By: Mark Mervine
Märklin® introduced the V80 locomotive (36080) equipped with a digital decoder and special motor. This locomotive is similar in construction to the 368xx series hobby locomotives. Like the hobby locomotives, however, the V80 is not equipped with sound. Many modelers believe that the sound component adds a new dimension to model railroading.
Recently, fellow chapter member Jeff Koellmer and I added a Loksound® v3.5 decoder to my Märklin® V80. This article describes how we accomplished the installation. The technique and identification of parts required are credited to a Mr. Lutz Hemmerich, whose information is posted on a website elsewhere. Our thanks go to Mr. Hemmerich for introducing us to this exciting solution. In addition to the 36080 V80 diesel locomotive, the parts needed for the installation were as follows:
a) Märklin/Trix® Part Number 611654, Circuit Board (equipped with a NMRA standard 8-pin plug).
b) LokSound® v3.5 Digital Decoder, ESU part number 524xx.
c) .63” double LokSound® speaker, ESU part number 50447.
These parts can be obtained from your Märklin® and ESU dealers.
An ESU® LokSound® programmer attached to a Personal Computer (PC) was also used to adjust the decoder’s settings once the installation was completed, but this can also be accomplished with other devices (your Märklin® 6021 Control Unit or Uhlenbrock Intellibox). Other tools required for the installation were a soldering iron, wire cutter, needle nose pliers and small screwdriver. We found that it helped to have two people working to aide in the de-soldering/soldering process (extra set of hands) as explained further below.
Step 1 – Remove the Locomotive Body
The first step in the process was to remove the locomotive’s body. There are two retaining screws that are accessible when the locomotive is inverted and placed on a work surface. Access to the motor and electronics was available when the locomotive chassis was set upright.
(Click Images to enlarge)
Step 2 – Disconnect the Headlamps
In preparation for replacing the existing circuit board, we disconnected the headlamps that were located at both ends of the unit. We carefully slid the ribbon cables from their respective sockets on the circuit card to permit easier access to the circuit board.
Step 3 – Replace the existing Circuit Board
The next step in the process was the most difficult, but was made easier with two sets of hands. First, we disconnected the power pick-up cables from the circuit board. There was one red wire and two brown wires soldered to each of three corners of the circuit board. We unsoldered these three wires and moved them out of the way for the time being.
We removed the circuit board from the chassis by first taking out the four retaining screws, and then by lifting the board/motor assembly out of the chassis. The cardan shafts leading to the driving wheels became unseated in this process but were easily reset later on. We found a small piece of double-faced tape between the old circuit board and the motor. With the circuit board/motor assembly now apart from the chassis, we gently pried the circuit board upwards to loosen the tape. The motor was attached to the circuit board by two “globs” of solder. While Jeff heated up both globs with my soldering iron, I applied gentle pressure on the motor to slide it away from the old circuit board (a little tricky..),. Once free, the old board was set aside.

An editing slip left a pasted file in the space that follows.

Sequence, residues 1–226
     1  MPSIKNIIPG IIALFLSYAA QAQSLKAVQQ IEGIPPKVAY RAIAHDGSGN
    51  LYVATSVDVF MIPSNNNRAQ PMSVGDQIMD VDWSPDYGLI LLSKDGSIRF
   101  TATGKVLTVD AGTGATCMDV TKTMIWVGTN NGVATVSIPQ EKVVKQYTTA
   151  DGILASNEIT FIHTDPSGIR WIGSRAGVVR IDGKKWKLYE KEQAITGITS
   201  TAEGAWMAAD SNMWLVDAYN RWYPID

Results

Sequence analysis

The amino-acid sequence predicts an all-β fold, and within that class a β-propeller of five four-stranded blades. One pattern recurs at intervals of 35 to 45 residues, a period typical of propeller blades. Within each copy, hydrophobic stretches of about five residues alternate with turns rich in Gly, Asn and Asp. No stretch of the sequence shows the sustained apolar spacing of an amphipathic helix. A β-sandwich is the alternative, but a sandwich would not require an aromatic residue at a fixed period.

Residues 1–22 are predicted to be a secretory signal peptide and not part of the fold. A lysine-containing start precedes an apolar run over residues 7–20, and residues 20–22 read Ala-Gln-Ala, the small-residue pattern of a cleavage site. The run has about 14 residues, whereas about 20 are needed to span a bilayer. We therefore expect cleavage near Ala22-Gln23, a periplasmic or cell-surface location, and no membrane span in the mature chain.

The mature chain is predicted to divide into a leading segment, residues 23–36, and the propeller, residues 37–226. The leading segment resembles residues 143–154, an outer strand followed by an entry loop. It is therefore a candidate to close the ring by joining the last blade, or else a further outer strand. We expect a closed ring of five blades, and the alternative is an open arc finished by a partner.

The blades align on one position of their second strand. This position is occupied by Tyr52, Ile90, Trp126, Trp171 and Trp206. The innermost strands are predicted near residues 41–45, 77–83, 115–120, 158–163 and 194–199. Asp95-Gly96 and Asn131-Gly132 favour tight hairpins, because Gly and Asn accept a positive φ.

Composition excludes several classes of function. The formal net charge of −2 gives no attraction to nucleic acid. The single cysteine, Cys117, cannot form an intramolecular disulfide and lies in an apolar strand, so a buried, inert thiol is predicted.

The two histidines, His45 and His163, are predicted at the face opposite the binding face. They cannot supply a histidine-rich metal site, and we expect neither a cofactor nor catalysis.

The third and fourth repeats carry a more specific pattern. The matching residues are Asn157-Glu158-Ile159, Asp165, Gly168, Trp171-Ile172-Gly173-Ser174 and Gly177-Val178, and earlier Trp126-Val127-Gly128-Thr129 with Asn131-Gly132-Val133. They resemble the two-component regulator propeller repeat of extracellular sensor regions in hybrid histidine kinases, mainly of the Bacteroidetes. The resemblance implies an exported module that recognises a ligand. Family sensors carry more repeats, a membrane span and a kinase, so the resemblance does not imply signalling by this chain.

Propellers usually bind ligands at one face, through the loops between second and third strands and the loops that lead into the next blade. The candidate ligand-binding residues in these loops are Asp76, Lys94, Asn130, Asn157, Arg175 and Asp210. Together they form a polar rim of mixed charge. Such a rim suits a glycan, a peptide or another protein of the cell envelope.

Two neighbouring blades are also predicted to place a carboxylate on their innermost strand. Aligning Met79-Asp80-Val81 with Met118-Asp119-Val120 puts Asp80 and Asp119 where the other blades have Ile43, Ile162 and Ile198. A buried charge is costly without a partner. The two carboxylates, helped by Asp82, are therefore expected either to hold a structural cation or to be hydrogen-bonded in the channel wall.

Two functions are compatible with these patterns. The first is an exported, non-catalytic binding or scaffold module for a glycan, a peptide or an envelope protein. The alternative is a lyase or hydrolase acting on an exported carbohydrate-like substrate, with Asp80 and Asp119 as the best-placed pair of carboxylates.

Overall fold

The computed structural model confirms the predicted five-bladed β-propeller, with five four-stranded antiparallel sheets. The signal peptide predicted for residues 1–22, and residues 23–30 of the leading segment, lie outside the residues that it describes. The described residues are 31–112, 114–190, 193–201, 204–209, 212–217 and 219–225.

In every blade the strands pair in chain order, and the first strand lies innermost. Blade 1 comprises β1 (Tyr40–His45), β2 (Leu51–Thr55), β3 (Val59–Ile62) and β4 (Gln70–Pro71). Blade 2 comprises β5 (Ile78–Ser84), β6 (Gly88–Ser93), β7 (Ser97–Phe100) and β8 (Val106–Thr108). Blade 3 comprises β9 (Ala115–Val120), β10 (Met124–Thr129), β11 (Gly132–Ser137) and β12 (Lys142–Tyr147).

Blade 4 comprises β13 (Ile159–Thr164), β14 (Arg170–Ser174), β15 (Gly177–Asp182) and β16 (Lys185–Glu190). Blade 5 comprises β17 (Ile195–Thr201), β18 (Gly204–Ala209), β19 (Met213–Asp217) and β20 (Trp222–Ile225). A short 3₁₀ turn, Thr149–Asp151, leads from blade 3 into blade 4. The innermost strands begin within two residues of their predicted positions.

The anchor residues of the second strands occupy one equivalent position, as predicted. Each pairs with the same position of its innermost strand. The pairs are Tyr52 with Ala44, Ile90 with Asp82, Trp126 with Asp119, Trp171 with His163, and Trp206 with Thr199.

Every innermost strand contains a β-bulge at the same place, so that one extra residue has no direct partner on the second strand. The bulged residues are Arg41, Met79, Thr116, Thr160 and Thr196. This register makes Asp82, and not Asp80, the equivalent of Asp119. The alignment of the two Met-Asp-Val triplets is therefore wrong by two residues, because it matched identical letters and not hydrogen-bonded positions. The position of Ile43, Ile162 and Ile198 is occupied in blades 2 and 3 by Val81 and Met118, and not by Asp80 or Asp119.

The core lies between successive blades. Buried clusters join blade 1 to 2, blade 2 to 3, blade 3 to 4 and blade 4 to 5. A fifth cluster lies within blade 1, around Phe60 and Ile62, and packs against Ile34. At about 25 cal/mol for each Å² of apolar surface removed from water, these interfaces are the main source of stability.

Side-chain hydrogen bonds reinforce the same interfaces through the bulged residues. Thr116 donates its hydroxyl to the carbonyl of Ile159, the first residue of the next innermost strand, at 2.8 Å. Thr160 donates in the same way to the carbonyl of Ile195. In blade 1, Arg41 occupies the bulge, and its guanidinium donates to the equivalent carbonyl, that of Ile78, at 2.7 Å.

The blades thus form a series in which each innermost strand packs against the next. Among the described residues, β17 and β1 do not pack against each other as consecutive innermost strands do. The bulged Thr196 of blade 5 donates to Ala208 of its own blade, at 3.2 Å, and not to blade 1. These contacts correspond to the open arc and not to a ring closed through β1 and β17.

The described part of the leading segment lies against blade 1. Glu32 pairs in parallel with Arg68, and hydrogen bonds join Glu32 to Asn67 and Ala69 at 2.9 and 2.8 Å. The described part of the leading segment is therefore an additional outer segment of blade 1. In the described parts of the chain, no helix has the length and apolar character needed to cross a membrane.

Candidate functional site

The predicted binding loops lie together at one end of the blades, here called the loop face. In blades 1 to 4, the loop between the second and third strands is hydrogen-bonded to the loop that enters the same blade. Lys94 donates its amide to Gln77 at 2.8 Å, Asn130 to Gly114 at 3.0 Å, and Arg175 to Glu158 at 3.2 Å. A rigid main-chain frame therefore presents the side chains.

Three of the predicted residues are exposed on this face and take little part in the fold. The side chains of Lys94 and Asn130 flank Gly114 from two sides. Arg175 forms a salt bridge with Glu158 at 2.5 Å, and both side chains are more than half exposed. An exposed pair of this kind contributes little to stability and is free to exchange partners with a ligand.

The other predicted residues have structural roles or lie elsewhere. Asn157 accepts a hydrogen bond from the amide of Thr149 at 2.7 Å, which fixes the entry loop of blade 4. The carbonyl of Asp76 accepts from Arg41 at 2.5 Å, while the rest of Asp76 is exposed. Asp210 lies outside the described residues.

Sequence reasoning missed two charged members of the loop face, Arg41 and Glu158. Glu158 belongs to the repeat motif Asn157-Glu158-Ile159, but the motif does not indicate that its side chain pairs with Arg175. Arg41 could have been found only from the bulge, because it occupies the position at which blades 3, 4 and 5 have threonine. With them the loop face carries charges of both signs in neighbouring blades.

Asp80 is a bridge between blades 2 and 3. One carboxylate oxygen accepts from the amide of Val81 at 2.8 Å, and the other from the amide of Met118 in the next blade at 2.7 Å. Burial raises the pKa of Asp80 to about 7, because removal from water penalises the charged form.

The new circuit board (part a. listed above) was then installed by reversing the process of reheating the solder “glob” and sliding the circuit board into the position vacated by the old board. We put a piece of black electrical tape on the back of the new circuit board to prevent any potential short circuit between the circuit card and motor assembly. The drive shafts were reset and the new circuit board/motor assembly re-installed using the four retaining screws. The three power pick-up cables were re-soldered to the contacts in the respective corners of the new circuit board.
The end result was that a new circuit board containing an eight-pin receptacle now replaced the older circuit board. Since there is not much clearance inside the shell of the V80, the plug was cut from the new LokSound® decoder (Part b. above) and the eight wires were carefully soldered directly to the new motor circuit board’s female plug receptacle. Before continuing, we decided to perform a bench test. We placed the chassis with the new circuit board and LokSound® decoder on a special programming track. We used the ESU Programmer connected to a PC, to test out our progress and make sure all was working as anticipated. The new decoder worked flawlessly and each available function was checked in turn and the sounds were impressive!
Following the bench test, the chassis was returned to the work table. To complete the installation, the new .63” double speaker (part c. listed above) needed to be connected to the decoder. We unsoldered the two wires from the stock speaker and connected them to the new double speaker. We then soldered a wire between the two speakers and installed them in the supplied sound chamber.
Step 4 – Install the New Speaker and Decoder in the Chassis
We found it necessary to use a piece of tape to hold one end of the speaker sound chamber away from the drive train. The decoder was also a tight fit and it took a little trial and error to squeeze the speaker and decoder into the frame and have the shell fit correctly on the chassis.
Step 5 – Replace Locomotive Body
All that was left to do was to re-install the body on the chassis, place the locomotive on our layout and dispatch our creation while enjoying the sound of its engine and horn. After testing, I edited the stock sound file and added a conductor’s whistle and two station announcements; all controlled by function keys on our controller. Overall, we found the process to be straight-forward, quick and well worth the effort and small added expense.